4. Connie,

    I don’t ususally comment on blogs, but this post really speaks to me. So often, people are hurtful and rude. I never thought to think that it is a direct reflection of how they feel about themselves! Thank you for that insight, for it truly does make sense!

  5. Wow….you don’t look like a grandmother! What does a grandmother look like anyway? Your blog has been a great resource for me. I found “Gentle Christian Mothers” when my first two were babies. The biggest lesson I learned there was to take what applied for me and leave what didn’t. More people should do that instead of imposing their views across the board on everyone else’s situation!

  6. I think the thing that confuses me so much about nasty commenters, is why do they read blogs they are so against?
    I’ve noticed that Candace Cameron gets so many negative comments and the other day, Heather Sanders (homeschool blogger for the Pioneer Woman) had nasty comments about a very personal struggle, and it just floors me that people will kick you when you’re down!

    You’re exactly right! These are hate-filled people that must have horrible lives and relationships, that they are just trolling the web, looking for “whom they will devour.”

    Well, here’s my own mean thought……..next batch of ugly comments you get…compile them and save them and then publish them. It’s amazing what people will say behind a keyboard.

    Never fear! You’ve got all of us crazy moms who wait for the next funny thing you’re going to say or humorous mishap you will share. It means you’re real and we can relate :)

  7. You are right on with this post, Connie! Your books look really interesting–I imagine we could all benefit from accepting your 30-day challenge!

  8. What a great post! Thanks for giving me something deep to consider today and to share with my children. Blessings.

  9. Thank you for sharing all your experience. It awesome that you open yourself up for the benefit of others. It is not always an easy thing to do. We had my youngest son later in life and I sometimes get the same reaction however, what a blessing he is! God bless you and your family!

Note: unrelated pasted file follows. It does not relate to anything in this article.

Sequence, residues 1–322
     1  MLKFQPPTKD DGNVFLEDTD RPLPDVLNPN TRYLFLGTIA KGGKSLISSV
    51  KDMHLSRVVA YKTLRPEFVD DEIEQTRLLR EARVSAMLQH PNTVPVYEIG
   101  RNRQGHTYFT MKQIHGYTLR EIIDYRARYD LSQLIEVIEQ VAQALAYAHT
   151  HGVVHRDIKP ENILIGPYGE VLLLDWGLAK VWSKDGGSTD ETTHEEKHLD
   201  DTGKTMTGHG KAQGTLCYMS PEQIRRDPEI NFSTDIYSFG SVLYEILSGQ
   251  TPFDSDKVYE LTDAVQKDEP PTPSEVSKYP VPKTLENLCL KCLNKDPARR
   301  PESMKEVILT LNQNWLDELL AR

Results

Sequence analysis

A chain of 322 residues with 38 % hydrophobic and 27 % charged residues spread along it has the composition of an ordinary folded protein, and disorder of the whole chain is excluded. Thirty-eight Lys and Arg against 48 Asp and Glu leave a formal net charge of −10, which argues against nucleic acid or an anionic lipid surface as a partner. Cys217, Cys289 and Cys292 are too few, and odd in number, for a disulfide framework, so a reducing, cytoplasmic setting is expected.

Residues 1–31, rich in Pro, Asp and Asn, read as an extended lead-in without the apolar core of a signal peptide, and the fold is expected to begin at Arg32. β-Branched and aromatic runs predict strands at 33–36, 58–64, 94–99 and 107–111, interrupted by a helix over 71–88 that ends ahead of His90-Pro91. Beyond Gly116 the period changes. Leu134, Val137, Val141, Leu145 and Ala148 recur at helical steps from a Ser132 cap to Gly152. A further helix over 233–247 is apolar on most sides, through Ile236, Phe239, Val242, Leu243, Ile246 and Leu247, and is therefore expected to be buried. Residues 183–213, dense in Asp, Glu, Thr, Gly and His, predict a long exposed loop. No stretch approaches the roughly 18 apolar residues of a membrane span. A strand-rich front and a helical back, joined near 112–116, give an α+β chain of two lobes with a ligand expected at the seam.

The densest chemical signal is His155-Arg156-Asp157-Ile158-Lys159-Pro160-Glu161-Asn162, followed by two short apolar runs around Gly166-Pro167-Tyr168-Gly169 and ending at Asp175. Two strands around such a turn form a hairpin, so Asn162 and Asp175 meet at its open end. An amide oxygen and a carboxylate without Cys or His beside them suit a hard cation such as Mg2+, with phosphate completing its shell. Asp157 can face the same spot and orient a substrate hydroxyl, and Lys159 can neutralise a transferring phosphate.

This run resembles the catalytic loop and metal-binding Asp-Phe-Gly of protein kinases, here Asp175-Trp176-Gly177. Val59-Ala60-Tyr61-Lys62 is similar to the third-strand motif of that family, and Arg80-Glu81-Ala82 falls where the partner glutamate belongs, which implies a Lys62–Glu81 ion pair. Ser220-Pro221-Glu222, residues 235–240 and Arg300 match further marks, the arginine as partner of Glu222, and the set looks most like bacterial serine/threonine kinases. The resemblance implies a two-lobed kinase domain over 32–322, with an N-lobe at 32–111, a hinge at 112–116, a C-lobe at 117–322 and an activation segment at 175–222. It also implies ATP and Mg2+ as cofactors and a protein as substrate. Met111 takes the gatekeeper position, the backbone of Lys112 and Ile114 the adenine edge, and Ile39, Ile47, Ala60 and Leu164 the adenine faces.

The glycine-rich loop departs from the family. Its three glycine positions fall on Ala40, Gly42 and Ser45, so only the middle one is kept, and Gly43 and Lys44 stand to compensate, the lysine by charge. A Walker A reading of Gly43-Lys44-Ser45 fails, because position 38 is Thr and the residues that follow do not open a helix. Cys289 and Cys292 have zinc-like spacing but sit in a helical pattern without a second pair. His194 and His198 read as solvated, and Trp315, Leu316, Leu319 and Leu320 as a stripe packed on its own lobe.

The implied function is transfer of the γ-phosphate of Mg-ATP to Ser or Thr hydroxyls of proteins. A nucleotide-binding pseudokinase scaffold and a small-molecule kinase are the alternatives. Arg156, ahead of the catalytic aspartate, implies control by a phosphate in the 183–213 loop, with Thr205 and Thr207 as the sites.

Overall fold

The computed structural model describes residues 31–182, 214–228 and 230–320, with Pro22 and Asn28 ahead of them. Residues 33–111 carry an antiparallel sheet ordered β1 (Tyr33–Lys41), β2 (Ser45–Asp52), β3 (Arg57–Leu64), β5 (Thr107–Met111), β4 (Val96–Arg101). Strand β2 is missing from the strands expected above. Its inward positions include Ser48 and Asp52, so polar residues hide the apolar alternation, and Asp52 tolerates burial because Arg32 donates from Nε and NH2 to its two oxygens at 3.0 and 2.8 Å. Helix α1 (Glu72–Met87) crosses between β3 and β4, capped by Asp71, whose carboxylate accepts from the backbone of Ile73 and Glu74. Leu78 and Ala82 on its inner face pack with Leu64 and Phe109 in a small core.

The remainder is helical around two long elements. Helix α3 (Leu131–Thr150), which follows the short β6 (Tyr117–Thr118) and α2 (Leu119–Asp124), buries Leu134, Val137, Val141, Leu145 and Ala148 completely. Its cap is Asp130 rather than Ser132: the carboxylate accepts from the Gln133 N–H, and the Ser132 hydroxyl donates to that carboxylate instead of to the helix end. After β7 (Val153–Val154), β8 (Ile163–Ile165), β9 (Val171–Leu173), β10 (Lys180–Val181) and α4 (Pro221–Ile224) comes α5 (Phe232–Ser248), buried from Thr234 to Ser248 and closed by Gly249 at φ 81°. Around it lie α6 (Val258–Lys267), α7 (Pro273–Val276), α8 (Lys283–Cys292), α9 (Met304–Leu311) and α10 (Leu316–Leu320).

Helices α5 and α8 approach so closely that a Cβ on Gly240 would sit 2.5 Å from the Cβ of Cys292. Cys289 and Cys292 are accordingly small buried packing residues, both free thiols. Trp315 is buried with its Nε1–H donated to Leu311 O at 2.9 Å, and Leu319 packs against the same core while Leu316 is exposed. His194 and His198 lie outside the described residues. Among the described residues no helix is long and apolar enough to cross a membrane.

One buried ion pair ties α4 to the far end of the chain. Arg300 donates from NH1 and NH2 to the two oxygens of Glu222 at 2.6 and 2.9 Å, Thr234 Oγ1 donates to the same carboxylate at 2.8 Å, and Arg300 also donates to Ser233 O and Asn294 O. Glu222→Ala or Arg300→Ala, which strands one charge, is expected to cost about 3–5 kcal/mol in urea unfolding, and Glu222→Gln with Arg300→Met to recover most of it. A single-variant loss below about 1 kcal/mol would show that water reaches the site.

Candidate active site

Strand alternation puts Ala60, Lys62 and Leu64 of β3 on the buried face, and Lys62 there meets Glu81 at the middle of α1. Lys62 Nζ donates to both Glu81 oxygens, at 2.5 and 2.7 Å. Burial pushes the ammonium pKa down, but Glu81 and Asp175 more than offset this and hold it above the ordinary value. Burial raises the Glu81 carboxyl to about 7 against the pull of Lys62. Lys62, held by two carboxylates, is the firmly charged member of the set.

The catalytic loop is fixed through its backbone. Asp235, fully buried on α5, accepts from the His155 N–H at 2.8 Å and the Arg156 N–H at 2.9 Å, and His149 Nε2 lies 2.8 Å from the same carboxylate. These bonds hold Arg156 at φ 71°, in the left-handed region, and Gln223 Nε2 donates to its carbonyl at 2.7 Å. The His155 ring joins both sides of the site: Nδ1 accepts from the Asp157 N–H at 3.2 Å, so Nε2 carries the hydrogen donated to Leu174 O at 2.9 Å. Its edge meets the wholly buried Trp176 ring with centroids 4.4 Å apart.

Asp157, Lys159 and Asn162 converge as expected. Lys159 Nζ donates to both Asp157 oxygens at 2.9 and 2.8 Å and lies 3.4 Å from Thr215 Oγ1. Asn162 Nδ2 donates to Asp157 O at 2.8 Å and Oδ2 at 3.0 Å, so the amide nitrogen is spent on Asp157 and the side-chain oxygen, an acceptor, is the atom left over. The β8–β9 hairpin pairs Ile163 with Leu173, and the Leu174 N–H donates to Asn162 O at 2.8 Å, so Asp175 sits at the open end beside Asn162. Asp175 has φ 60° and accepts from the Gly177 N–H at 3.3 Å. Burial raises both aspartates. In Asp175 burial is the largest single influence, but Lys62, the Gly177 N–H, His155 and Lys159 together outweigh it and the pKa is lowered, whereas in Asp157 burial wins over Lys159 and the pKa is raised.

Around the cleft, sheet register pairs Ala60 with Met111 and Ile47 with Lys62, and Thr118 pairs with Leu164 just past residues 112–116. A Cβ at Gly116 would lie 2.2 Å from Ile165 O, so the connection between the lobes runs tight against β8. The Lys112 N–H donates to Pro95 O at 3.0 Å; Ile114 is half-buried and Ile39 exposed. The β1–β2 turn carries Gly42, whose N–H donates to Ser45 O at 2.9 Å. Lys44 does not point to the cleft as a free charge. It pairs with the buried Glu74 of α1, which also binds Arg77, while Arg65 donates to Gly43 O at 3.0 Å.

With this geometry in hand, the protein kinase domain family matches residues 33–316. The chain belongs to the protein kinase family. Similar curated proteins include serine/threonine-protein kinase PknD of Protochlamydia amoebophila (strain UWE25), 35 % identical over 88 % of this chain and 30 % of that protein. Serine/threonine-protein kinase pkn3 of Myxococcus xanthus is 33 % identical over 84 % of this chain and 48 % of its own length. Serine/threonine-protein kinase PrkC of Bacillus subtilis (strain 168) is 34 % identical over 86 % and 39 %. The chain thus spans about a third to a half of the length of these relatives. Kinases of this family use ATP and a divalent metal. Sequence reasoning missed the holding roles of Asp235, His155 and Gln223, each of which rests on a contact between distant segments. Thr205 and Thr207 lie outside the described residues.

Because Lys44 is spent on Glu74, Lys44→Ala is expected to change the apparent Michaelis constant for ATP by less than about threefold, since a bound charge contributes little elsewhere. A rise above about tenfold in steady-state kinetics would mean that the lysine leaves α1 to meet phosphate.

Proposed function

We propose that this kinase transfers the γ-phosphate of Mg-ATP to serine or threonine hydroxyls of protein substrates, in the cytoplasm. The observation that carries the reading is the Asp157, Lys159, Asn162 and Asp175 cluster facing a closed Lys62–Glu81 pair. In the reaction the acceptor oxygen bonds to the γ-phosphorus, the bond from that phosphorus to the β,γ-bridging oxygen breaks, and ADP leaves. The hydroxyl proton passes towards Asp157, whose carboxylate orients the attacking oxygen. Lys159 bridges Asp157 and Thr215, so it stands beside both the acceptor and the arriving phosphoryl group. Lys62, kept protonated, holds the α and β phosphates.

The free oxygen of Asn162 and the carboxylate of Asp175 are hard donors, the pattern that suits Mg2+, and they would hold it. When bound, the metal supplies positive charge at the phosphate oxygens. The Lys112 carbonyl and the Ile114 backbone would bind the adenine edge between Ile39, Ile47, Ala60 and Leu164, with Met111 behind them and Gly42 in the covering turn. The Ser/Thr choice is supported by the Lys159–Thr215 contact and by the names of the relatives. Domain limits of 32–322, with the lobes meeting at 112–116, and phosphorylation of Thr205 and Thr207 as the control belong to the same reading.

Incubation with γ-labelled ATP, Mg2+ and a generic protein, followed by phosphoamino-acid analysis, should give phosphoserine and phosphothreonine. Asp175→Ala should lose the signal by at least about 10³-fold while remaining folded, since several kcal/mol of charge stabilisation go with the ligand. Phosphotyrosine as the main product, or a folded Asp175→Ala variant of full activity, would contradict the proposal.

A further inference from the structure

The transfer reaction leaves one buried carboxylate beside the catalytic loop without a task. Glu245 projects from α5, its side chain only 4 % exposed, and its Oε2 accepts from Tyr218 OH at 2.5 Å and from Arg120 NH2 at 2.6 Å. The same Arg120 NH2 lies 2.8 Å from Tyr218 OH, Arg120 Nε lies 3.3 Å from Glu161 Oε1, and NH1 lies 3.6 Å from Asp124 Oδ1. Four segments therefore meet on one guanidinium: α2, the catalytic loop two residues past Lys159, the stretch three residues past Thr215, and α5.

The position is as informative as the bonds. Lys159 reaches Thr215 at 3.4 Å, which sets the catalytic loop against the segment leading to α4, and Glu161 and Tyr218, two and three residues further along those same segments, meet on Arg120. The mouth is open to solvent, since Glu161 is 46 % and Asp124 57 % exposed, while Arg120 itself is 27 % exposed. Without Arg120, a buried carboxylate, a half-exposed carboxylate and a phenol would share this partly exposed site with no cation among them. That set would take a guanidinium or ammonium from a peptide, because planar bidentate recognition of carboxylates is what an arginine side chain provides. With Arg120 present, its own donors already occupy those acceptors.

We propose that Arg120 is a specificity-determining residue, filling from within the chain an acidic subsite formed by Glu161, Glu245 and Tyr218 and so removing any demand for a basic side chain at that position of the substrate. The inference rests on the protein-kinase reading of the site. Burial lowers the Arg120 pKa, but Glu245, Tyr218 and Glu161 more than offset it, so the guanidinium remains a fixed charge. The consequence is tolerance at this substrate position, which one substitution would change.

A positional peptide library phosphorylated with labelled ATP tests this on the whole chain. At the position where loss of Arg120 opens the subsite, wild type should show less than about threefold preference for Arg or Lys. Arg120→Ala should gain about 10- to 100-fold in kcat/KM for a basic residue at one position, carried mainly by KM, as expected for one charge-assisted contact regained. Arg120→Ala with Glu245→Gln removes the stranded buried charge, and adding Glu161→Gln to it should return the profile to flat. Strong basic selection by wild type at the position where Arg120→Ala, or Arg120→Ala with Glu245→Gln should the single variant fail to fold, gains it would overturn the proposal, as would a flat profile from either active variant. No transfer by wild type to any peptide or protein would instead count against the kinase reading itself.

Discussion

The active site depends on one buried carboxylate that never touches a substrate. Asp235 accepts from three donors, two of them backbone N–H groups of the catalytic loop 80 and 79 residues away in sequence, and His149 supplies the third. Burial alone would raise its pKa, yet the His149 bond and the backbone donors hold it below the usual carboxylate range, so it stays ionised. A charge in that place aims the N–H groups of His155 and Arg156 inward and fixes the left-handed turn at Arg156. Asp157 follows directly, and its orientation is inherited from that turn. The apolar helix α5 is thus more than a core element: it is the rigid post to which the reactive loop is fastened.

10. Great post.

  11. Well said Connie. Trolls are awful at grammar! I always laugh at their uneducated comments.

  12. I’ve always taught my kids the same thing. People step on others in an effort to feel they’re above them. It’s a false sense of being ‘better’ than another, but at the day’s end, nothing is different for them.

    You do NOT look like a grandmother! Come on. I *am* a grandma. I should know. 😀

  13. Natalie says:

    Thank you, Connie, for your blog. I really needed this today, as I was called some demeaning names by a neighbor who was enjoying our pool. She was telling how “””” I was. This is after I have been taking care of her daughter for free for a year, sharing our family time with her, helped her through pregnancy and many other issues including marital and child rearing ones. It was hurtful, and your blog comes the day after. I also thank you for the fantastic detanglet recipe–it works amazingly! Also, thanks about sharing your painful experiences with the Ramen and lice. I think those definitely help a few of us to be more aware and protect our children. I’m like you, and people say I share too much–they sometimes say they don’t want my advice…but all I’m trying to do is save someone else the pain. Yours is on a blog–not face to face, so they can always decide not to read if they feel “offended.”

  14. That picture of you and your baby is so sweet I can’t believe someone said something so awful. I am so proud of you, though, that you realize from where that hurtful comment came. Thank you so much for the reminder that our words do reflect the good or the evil in our hearts. I try to remind my children when they are hurt by the words of others that the person slinging the comments are really hurting themselves and we should pray for them. Thank you for this reminder!